AMERICAN FORK More lanes, newer interchanges, more convenience many people who frequently travel along I-15 would probably be appreciative of a more accessible freeway, but some of those directly affected aren't excited.
About 80 people attended the Utah Department of Transportation's first public hearing/open house Thursday for widening I-15 in Utah County, some of whom could lose land if the plan is approved.
UDOT sent letters to landowners who would be directly affected by the widening of the interstate and invited them to discuss concerns and ask questions, said Geoff Dupaix, UDOT's Region 3 spokesman.
Father and son Claude and Tyree Lamph own land in American Fork along I-15, and one option could hurt them. Option C of the American Fork Main Street interchange, which would realign Main Street along the railroad track's north side, would cut the Lamphs' farm in half. The Lamph family has owned and farmed the 100-plus acres for about 100 years, said Tyree Lamph and they want to be able to continue that. Because of their desire to farm, the Lamphs have never considered selling the land to developers.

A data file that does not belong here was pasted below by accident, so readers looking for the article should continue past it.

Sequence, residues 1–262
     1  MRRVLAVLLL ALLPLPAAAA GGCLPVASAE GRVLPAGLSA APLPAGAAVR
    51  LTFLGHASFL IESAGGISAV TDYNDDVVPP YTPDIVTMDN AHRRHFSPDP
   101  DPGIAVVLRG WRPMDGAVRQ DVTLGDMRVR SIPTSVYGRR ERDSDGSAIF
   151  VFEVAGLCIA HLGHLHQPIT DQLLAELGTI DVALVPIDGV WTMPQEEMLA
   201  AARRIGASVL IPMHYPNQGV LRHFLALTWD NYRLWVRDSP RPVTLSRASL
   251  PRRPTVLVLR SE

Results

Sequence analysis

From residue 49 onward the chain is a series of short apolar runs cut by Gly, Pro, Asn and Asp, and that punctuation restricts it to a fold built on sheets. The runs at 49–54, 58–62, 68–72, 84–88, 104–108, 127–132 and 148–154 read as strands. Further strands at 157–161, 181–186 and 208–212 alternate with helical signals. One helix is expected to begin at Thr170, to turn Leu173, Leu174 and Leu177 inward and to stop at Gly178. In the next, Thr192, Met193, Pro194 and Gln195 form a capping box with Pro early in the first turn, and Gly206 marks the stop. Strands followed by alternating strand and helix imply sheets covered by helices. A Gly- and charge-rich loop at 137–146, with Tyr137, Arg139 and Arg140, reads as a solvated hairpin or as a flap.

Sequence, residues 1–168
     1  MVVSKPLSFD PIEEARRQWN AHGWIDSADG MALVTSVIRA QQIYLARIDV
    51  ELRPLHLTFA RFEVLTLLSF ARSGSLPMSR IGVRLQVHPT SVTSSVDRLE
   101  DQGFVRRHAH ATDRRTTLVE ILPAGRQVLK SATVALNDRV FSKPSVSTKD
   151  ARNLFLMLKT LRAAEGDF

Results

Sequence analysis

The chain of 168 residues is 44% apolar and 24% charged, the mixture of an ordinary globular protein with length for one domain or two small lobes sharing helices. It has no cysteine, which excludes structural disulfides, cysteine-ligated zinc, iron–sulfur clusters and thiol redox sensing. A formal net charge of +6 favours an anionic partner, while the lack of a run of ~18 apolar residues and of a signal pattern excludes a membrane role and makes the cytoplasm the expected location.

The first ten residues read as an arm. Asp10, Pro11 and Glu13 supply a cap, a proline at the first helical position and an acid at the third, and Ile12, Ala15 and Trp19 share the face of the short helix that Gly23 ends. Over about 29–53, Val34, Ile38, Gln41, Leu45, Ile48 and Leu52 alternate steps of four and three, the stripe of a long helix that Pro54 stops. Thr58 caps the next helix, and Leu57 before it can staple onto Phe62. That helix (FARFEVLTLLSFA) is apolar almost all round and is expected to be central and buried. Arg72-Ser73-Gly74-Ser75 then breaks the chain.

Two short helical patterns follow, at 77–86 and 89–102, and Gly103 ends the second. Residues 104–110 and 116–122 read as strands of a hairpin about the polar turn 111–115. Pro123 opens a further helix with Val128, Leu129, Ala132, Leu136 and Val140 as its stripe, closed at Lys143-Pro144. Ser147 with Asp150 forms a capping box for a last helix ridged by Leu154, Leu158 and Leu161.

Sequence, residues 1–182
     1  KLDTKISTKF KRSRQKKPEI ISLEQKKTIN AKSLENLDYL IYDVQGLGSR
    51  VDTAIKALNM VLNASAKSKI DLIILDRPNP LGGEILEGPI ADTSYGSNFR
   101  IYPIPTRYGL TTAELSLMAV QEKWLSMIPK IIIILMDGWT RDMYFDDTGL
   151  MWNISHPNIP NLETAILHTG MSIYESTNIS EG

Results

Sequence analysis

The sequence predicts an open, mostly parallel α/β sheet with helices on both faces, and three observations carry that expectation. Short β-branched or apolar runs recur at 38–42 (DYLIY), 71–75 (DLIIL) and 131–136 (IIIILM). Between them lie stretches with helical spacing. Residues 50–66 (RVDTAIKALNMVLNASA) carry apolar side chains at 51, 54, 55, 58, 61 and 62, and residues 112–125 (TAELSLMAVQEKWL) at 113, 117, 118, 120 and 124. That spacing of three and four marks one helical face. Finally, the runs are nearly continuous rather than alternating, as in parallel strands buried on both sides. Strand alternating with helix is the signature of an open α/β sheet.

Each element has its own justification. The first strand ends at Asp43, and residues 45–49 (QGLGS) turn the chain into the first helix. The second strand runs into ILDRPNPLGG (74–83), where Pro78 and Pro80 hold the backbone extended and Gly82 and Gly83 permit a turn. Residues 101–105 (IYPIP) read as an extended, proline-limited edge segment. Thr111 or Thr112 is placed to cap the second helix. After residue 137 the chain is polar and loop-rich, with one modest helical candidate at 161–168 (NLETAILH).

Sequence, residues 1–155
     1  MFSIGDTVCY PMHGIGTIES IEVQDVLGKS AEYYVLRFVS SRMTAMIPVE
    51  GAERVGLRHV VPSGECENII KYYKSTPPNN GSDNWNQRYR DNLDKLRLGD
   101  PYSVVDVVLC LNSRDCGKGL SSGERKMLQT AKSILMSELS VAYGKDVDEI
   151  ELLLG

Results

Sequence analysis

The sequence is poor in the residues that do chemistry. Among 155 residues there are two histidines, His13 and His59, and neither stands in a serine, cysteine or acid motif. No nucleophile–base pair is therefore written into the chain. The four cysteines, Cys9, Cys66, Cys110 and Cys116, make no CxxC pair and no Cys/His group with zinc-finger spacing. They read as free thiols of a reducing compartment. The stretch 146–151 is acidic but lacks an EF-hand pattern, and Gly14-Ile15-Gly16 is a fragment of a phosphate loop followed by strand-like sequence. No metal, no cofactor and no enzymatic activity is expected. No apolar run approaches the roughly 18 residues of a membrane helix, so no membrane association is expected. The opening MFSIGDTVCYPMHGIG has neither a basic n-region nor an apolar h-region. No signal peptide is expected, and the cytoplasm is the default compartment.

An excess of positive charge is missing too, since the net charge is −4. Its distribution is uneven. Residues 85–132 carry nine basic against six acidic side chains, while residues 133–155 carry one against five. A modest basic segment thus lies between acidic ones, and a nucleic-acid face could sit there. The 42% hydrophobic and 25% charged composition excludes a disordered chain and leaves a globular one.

"It's just unfortunate," Tyree Lamph said. "We want to remain farmers, we want to stay in a rural area. If the road goes through, it's like we'll be punished because we didn't sell."
Moving combines, pipe and tractors across the freeway to farm on both sides would be impractical, Tyree said.
UDOT will hold a second open house for the I-15 expansion on Saturday from 10 a.m. to 2 p.m. at Dixon Middle School in Provo. Those who cannot attend can make comments and read information about the expansion at www.udot.gov/i15utahcounty.
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